The Failure of the Oslo Process: Inherently Flawed or Flawed Implementation?

By June 16, 2008

BESA Center Perspectives Paper No. 45

EXECUTIVE SUMMARY: Liberals argued that the Oslo process collapsed because it was not implemented properly; especially the failure to implement economic integration and build mutual trust. In contrast, from a Realist perspective, it is argued below that the Oslo process was flawed from the outset. Israel and the Palestinians were ripe for negotiations but not for conflict resolution because the parties remained too far apart on core issues. No amount of trust could overcome this problem. Attempts at integration actually made matters worse by increasing friction. The key to conflict management is not integration but physical and political separation.


Since the collapse of the Oslo process in 2000, a debate has raged as to what went wrong. Much of this debate has been a “blame game” designed to determine whether Israel or the Palestinians were more culpable. Instead, it is worth asking whether the Oslo process failed because it was not implemented properly or because it was inherently flawed. The answers given to this question usually depend on the intellectual approach of the respondent.

According to a Liberal approach, the failure to reach a permanent status agreement was a failure of implementation – the parties lacked the necessary will and skill to bring the process to a successful conclusion. However, according to the Realist approach adopted here, the failure of the Oslo process was primarily due to constraints that were inherent in the process. The Liberal processes designed to secure conflict resolution were over-burdened. Rather than helping to resolve the conflict, they exacerbated it.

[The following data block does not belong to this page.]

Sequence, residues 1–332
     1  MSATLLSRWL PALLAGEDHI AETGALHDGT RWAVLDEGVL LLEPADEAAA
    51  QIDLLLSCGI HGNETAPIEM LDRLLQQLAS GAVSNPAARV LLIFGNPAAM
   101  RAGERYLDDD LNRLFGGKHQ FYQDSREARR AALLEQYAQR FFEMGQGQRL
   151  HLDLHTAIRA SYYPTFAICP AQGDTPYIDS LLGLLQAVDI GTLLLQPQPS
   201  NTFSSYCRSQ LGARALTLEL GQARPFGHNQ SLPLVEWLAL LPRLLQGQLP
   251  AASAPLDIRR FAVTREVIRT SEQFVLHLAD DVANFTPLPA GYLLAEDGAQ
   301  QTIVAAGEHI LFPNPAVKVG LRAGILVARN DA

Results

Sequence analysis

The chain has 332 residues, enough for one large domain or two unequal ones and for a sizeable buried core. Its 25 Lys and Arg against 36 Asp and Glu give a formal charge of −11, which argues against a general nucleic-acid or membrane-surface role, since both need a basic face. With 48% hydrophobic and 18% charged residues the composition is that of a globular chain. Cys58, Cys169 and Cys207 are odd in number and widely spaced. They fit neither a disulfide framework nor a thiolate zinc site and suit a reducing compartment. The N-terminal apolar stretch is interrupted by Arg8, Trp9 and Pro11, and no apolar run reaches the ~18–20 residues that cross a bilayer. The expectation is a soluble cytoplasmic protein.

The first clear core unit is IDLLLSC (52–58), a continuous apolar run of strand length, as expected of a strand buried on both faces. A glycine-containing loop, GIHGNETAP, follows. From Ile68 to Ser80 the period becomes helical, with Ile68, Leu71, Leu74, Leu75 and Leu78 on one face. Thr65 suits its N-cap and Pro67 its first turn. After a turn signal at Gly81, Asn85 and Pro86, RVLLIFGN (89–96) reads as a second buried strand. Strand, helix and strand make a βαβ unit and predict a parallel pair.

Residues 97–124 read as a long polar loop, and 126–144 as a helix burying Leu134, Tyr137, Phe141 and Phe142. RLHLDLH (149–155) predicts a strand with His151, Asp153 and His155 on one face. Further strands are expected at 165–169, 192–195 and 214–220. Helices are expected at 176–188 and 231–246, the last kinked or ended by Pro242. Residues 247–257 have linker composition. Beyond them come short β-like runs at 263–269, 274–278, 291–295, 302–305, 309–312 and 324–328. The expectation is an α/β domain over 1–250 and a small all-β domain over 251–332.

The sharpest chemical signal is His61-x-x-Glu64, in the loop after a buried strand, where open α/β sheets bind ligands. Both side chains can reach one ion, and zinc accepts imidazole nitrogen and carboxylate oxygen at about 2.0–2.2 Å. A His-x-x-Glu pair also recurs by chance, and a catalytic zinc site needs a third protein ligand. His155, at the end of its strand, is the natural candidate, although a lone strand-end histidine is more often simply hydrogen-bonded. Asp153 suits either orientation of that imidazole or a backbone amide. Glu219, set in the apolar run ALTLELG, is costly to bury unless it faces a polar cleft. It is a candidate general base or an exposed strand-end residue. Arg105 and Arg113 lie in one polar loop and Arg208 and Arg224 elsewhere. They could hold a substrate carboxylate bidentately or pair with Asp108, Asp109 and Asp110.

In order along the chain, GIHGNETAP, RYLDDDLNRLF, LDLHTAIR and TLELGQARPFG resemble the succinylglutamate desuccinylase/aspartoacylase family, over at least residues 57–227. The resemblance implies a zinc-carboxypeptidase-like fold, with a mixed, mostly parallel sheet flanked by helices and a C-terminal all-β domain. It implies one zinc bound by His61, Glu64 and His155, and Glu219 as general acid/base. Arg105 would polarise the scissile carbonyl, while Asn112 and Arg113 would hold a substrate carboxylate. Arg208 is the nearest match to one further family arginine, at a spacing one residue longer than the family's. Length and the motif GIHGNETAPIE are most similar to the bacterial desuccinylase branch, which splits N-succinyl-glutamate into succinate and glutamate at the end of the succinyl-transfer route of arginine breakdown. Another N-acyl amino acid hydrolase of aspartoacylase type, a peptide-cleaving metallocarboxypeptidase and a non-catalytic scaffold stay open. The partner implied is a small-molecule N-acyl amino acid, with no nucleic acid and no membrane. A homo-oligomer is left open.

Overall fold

Liberalism and Failure of Negotiations

According to Liberalism, the key to conflict resolution lies in mutual recognition of national rights, development of mutual trust and economic integration of both societies. From this perspective, the agreement on mutual recognition between Israel and the PLO, signed in September 1993, signaled that the Israeli-Palestinian conflict was ripe for a negotiated resolution because it ended the “zero-sum” nature of the conflict. But to actually reach a detailed settlement, Liberals argued that mutual trust between negotiators, such as was said to exist during the secret Oslo talks in 1993, was necessary. In addition, economic integration, symbolized by the 1994 Paris Accords and Peres’ plan for a “New Middle East” was supposed to generate mutual economic gains that would create a reservoir of support for the peace process and hence for the major compromises required on permanent status issues.

When the Oslo process collapsed, Liberals, such as Yossi Beilin and Ron Pundak, argued that it was due to a failure to properly implement the Liberal model to which they adhered. First, there was a loss of trust due to the “autistic” negotiation style of Israeli and Palestinian leaders. Israel’s tough negotiating style and the expansion of settlements, especially under Barak, are said to have undermined Palestinian trust. The US is also blamed for undermining Palestinian trust by siding with Israel in the negotiations and for not pressuring Israel enough to reach an agreement. Meanwhile, Arafat is blamed for undermining Israelis’ trust for allowing incitement and terrorism to continue. Second, Israel’s policy of closures is blamed for preventing the Palestinians economy from growing, thereby reducing Palestinian support for the peace process.